4.2 Charcoal Assessment

by Isabel Figueiral *

4.2.1 Quantity of material and assessment methods

This assessment is based on the examination of some of the larger charcoal fragments (>2mm) selected from a sample of the flots produced on site and extracted by Wendy Carruthers.

Due to time limits (2 weeks), it was not possible to scan the majority of samples. The identification of charcoal fragments is time-consuming because the examination of at least two of the three wood anatomical planes is usually required. The identifications were carried out with a compound microscope using reflected light, and sometimes required comparison with material from a charcoal reference collection.

It was clear, from initial observations of the sample bags, that some samples can be considered exceptional in terms of quantity of charcoal fragments (this is so in the case of Area 11BC). As it would be impossible to scan all the samples available economically, a selection was made to detect:

The number of fragments identified varied from sample to sample (during the identification process charcoal fragments are not selected by size or shape).

In some samples all the fragments available were examined. In several others only the first 25 fragments were identified, thus providing a comparative scale of identified taxa. In the samples with high quantities of charcoals, the number of fragments examined ranged between 50 and 75.

4.2.2 Areas selected

Samples from 15 areas were selected for assessment - AA, AB, BA, BB, BC, BD, BF, CB, CC, CD, CE, DA, DB, DC, DD. The list of the samples studied (or partially) is presented in Fig. 00.

4.2.3 Identification

The quantitative results are not presented here, as the aim of this assessment is to outline the potential of the material for more complete analysis. Therefore the ecological and/or ethnological implications of the different species will not be referred to in detail at this stage. The information summarised in Table 00 is presented in terms of presence and predominance of taxa in the distinct areas of the site. Quantitative results (identified charcoals) of each sample are kept in the archive. We should emphasise that no monospecific samples were found. The number of taxa per sample varied between 2 and 12; per area the number varies between 3 and 16.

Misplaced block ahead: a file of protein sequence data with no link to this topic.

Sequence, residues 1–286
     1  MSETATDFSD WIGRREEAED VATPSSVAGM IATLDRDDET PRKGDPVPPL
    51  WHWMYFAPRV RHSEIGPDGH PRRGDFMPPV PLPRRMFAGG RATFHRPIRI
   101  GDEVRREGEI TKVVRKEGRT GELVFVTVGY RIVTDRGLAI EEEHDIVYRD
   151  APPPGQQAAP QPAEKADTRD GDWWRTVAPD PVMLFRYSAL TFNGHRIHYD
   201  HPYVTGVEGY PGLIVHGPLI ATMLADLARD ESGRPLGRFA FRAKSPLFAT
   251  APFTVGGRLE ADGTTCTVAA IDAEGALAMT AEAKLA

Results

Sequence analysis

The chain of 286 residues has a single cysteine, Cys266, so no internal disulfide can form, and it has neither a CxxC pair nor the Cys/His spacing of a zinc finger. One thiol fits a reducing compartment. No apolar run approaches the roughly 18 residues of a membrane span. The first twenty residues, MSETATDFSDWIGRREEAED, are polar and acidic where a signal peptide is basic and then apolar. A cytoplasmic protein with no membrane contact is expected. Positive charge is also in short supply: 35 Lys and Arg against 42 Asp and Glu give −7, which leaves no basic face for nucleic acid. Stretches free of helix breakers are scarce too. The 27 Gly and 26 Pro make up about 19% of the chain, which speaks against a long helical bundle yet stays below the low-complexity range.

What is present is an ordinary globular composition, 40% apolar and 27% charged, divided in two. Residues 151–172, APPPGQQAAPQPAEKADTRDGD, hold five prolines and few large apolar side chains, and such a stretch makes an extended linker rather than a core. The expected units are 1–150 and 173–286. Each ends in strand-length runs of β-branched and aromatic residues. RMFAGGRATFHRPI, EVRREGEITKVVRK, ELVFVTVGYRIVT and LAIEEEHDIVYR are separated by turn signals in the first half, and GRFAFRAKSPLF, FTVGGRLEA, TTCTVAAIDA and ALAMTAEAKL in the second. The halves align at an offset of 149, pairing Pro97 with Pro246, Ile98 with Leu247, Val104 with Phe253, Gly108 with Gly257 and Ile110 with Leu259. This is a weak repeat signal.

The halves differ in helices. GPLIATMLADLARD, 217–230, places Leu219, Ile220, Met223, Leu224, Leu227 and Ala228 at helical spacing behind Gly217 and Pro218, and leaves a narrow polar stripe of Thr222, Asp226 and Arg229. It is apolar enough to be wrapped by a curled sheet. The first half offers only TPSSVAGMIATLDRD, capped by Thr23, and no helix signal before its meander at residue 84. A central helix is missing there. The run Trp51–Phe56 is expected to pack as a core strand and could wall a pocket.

The anatomical observation of 929 fragments of charcoal allowed us to distinguish 19 taxa (Table 4.2). Some doubts concerning the identifications are noted. When we are sure about the genus but unable to identify the species, only the genus is stated followed by 'sp.' (e.g. Cornus sp.). In the case of species with very similar anatomical characteristics, requiring a much greater number of fragments for a convincing distinction a 'cf.' is placed before the species name: eg Prunus cf. Prunus avium. The impossibility of distinguishing the different species of deciduous oak obliges us to refer to Quercus (deciduous).

Scientific names Common names
Acer campestre Maple
Alnus glutinosa Alder
Betula sp. Birch
Calluna vulgaris Heather
Corylus avellana Hazel
Cornus sp. (Dogwood/Cornelian Cherry Dwarf Cornel)
Fraxinus excelsior Ash
Ilex aquifolium Holly
Prunus cf. P. avium P. cf. Wild cherry
Prunus cf. P. padus P. cf. Bird cherry
Prunus spinosa Sloe, Blackthorn
Prunus sp.
Quercus (deciduous) Oak
Rosaceae Pomoidea Rosacea
Ros. cf. Crataegus monogyna Rosacea cf. Hawthorn
Ros. cf. Pyrus/Malus Rosacea cf. Pear/Apple tree
Salix sp. Willow
Sambucus nigra Elder
Ulex sp. Gorse
Table 4.2 Charcoal: principal taxa present

This floral list is composed of species characterising different ecological habits. Some of them are among the most common woodland trees recorded in the Middle Ages and in the Anglo-Saxon charters, including oak, ash, hazel, maple and hawthorn. Alder, birch and holly are also recorded, although very rarely (Rackham 1980).